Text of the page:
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Welty, Justin L. – Costs and benefits of variable nest density in Burrowing Owls: Effects on predation, ectoparasites, egg yolk hormones, and productivity

Justin Welty holding burrowing owlMy research focuses on the costs and benefits of group living in western burrowing owls (Athene cunicularia hypugaea). These owls live in underground burrows and can live within close proximity to other owls (semi-colonial). However, many owls also live without other burrowing owls in a kilometer or more from their nest. I am looking at whether the distance between nests influences the behavior and success of the owls. I am looking at predation, ectoparasite levels, yolk androgens, and nest productivity. Predation is determined through the monitoring of actual nests and experimentally through the placement of dummy nests in grouped and solitary configurations. Behavior towards predators is determined by dragging a fake badger past the nest and recording the results. Ectoparasite levels are counted on the adults and nestlings. In addition, some nestlings had their ectoparasite levels experimentally lowered to see if that would improve nestling body condition. Yolk samples were extracted from 2 eggs per nest to determine if yolk androgens were influenced by laying order and distance to nearest neighbor. Finally, nests were monitored to determine what the nestling productivity was and whether the distance to neighbors influenced this productivity.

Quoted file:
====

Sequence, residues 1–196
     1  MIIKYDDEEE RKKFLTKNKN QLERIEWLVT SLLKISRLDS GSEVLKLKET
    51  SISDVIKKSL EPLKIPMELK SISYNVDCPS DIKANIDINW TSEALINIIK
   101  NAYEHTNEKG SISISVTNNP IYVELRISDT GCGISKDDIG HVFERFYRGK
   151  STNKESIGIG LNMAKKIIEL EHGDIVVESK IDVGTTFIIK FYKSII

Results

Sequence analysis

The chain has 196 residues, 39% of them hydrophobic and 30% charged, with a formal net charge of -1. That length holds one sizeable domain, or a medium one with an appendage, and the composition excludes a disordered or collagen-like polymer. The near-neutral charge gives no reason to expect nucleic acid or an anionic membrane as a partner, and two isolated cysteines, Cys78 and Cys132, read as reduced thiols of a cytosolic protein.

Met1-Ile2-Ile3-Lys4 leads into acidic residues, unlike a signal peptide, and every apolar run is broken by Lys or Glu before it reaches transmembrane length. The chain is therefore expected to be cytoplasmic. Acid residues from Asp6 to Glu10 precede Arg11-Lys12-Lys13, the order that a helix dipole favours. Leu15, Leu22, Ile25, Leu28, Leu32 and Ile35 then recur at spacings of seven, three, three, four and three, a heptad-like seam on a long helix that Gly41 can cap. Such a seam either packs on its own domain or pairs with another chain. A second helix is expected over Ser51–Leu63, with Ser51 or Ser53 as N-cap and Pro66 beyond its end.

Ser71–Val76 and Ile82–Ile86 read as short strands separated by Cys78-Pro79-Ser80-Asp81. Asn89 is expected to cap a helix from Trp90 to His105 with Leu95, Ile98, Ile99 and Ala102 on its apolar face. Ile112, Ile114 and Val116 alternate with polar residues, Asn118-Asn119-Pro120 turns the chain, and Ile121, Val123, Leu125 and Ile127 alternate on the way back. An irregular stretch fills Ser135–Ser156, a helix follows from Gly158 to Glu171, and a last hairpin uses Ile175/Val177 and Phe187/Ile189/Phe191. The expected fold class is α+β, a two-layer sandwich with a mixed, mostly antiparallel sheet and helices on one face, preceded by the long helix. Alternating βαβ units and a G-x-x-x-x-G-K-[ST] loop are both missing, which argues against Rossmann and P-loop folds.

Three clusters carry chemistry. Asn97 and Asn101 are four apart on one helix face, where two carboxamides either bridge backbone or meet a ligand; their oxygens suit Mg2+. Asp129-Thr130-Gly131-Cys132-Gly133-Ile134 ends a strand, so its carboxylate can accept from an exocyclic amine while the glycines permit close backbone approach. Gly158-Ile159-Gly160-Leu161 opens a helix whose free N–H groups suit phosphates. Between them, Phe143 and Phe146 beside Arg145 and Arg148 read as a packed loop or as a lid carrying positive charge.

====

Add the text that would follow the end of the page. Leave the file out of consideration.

Thesis Abstract

This thesis was awarded Boise State University’s Distinguished Master’s Thesis Award for 2011-2012